As the Democratic presidential candidates came together last week at the Drake University campus in Iowa for their second debate, the rivals presented a united front on the key issue of immigration. The discussion stands in sharp contrast to Republican Party debates, which include candidates ranging from moderate reform measures to more extreme restrictions.
The Democratic debate, sponsored by the television network CBS, showcased candidates who clashed on a number of issues—including bank regulation, minimum wage and healthcare. However, when it came to the topic of immigration and providing a path to citizenship for some 11 million undocumented immigrants, the candidates were all singing the same tune.
Democratic frontrunner Hillary Clinton, for example, defended President Obama’s executive actions and admonished a federal court injunction to implement Deferred Action for Parents of Americans (DAPA.)
In her comments on the topic, Clinton said, “Let’s move toward what we should be doing as a nation and follow the values of our immigration history and begin to make it possible for them to come out of the shadows.
Martin O’Malley, former governor of Maryland, was more poetic in his comments on those immigrants who are stuck in the shadows. “Our symbol is the Statue of Liberty,” O’Malley said “It’s not a barbed wire fence.”
O’Malley ‘s comments were clearly designed to take aim at GOP frontrunner Donald Trump’s adamant position on immigration. On this, the former governor called out Trump directly as an “immigrant-bashing carnival barker,” a line that carried one of the biggest laughs of the evening.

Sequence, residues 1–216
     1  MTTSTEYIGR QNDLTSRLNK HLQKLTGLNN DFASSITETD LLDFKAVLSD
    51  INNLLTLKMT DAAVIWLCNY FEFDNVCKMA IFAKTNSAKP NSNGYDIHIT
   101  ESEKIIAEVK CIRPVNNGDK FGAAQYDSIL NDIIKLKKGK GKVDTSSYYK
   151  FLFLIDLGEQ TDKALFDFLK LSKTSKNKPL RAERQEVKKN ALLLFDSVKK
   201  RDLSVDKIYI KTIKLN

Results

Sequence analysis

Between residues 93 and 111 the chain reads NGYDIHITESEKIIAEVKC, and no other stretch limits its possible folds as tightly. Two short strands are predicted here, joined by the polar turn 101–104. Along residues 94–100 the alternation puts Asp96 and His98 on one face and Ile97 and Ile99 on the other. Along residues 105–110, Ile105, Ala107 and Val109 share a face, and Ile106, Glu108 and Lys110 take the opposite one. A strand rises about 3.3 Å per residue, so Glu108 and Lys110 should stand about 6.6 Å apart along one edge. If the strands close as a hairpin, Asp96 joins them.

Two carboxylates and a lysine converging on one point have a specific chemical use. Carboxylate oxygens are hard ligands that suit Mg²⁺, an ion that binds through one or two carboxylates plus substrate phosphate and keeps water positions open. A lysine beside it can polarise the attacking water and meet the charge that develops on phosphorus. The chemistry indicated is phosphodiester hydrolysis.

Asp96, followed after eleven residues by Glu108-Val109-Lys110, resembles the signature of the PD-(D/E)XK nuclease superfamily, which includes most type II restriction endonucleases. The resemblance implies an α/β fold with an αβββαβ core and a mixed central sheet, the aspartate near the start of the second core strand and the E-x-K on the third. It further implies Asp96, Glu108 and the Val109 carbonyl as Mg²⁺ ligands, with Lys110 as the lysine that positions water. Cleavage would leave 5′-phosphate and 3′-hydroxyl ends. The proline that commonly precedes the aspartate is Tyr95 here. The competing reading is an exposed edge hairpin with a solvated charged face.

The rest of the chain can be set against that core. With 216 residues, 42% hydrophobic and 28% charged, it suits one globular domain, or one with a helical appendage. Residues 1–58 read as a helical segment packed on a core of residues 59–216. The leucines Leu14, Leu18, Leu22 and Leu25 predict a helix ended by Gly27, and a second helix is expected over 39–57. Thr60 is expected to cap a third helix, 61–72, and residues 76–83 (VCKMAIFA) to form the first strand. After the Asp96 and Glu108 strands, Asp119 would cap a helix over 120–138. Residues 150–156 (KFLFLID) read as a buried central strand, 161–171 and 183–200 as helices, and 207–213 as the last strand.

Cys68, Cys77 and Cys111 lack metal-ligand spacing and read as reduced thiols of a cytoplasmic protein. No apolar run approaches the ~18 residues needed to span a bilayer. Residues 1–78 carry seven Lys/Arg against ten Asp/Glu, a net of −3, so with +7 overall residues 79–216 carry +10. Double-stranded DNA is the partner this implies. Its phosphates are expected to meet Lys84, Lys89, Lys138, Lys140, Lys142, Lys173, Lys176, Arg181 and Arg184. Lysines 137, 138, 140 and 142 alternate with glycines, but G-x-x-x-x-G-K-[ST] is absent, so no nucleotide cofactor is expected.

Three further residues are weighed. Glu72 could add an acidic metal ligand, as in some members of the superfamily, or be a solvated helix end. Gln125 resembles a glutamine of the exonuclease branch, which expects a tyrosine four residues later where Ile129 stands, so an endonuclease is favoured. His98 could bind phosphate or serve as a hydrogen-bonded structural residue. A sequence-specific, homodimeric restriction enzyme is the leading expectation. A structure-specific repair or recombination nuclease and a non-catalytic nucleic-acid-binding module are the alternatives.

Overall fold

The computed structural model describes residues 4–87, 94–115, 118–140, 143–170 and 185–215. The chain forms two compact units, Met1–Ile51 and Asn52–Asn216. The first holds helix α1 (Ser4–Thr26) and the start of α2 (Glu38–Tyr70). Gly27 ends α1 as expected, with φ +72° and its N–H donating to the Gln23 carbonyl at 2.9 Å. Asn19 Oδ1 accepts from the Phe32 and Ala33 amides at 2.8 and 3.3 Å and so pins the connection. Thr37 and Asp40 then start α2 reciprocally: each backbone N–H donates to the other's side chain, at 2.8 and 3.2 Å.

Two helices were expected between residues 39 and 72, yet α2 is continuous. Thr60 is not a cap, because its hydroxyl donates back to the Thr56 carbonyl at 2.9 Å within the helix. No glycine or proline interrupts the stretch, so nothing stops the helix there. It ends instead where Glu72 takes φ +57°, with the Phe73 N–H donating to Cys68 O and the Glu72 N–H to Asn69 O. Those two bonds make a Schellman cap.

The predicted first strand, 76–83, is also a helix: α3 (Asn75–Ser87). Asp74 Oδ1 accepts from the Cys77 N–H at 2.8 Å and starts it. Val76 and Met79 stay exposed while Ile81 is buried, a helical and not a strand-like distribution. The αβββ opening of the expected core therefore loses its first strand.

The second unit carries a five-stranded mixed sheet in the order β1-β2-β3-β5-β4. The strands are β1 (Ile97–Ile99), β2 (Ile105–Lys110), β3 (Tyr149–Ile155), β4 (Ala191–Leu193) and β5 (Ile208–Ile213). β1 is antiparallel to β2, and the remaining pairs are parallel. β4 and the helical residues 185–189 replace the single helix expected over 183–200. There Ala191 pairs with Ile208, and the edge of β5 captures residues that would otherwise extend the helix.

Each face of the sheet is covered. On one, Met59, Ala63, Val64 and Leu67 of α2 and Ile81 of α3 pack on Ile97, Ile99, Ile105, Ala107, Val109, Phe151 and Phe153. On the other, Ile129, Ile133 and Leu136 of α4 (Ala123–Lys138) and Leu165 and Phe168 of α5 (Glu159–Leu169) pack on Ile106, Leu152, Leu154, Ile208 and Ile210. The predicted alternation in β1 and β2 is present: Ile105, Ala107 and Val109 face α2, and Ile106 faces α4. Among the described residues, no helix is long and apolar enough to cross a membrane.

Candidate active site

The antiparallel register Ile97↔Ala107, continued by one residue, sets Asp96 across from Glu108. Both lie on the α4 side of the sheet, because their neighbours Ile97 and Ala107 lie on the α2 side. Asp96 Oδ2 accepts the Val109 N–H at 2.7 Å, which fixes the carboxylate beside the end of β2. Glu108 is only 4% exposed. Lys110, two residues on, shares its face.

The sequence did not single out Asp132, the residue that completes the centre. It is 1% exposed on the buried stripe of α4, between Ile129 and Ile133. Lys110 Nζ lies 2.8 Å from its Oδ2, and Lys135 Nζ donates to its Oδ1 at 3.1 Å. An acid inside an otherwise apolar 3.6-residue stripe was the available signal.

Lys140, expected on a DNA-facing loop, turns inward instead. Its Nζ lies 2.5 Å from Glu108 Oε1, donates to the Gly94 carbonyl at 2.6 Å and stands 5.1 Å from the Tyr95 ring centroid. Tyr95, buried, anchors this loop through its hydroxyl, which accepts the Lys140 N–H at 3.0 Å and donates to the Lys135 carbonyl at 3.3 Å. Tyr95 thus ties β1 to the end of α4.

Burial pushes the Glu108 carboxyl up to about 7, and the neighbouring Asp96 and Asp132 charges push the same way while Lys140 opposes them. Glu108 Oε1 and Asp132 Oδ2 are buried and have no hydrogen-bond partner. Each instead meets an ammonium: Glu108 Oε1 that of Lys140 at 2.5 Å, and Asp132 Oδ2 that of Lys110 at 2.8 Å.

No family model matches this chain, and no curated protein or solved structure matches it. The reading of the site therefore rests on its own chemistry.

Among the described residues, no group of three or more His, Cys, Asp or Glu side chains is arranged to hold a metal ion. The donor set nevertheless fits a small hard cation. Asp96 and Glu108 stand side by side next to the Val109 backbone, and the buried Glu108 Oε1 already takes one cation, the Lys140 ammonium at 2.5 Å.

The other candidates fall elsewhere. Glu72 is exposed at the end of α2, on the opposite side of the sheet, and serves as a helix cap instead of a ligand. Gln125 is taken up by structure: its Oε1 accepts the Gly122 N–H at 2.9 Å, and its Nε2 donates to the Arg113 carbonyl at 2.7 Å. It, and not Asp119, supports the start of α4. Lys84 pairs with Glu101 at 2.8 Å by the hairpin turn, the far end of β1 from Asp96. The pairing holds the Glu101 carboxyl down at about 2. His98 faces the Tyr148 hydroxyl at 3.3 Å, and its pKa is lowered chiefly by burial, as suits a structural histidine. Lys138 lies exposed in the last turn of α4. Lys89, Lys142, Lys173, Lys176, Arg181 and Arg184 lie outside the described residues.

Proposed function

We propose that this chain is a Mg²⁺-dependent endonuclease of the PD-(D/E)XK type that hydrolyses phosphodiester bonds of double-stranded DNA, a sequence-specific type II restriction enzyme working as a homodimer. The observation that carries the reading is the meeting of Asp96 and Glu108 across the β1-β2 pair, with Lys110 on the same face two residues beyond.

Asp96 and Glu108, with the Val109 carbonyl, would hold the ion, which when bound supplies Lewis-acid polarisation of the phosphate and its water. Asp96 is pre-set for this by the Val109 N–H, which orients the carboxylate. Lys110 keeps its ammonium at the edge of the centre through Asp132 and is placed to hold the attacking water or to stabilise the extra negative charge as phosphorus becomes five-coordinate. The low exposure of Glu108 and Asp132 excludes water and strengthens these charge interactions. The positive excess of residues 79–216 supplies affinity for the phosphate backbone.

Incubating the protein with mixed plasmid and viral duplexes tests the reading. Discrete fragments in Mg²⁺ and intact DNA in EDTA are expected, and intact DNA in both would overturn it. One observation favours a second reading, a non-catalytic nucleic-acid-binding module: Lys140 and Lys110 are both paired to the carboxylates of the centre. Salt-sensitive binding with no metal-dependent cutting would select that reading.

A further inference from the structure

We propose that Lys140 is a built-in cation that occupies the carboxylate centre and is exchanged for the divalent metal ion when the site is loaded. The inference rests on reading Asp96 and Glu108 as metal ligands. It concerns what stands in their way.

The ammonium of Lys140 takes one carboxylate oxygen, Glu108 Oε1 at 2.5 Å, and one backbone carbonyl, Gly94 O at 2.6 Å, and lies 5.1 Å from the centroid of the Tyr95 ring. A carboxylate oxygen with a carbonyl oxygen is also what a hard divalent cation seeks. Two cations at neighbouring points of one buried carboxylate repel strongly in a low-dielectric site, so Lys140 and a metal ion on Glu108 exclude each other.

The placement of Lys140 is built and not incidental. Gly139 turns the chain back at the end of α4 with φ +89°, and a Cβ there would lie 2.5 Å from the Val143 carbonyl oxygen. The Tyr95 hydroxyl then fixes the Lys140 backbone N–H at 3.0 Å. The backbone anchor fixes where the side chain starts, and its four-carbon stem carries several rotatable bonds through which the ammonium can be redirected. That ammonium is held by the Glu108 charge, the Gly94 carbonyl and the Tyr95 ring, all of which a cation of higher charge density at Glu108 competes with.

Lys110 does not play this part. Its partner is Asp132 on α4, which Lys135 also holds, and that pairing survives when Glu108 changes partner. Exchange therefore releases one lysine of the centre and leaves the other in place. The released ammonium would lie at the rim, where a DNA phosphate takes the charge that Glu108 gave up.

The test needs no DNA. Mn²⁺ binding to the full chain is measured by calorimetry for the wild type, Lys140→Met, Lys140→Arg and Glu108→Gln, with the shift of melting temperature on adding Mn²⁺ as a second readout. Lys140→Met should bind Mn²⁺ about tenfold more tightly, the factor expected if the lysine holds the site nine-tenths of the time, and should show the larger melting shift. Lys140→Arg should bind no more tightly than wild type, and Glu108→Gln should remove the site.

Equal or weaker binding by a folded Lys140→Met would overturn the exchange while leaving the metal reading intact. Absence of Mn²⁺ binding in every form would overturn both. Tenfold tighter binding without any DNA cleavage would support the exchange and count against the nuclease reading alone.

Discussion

O’Malley’s ferocity on the immigration issues goes directly to “claim that mantle,” according to a Newsweek report. In doing so, the O’Malley campaign points out Clinton’s no-show status at an immigration forum in Las Vegas and also accuses her of “dodging questions” from immigration advocates.
Where Bernie Sanders, the self-described Democratic Socialist and Vermont Senator, the O’Malley camp accuses him of “falsely asserting that immigrants take our jobs or lower our wages.”
For his part, Sanders has a history of supporting a five-year sunset provision on guest worker visas and for increasing fees on highly-skilled worker visas, a position opposed by the business community, particularly the high-tech sector. The Vermont Senator, according to the Newsweek article, likewise continues to express concerns over the effect of immigration on American labor.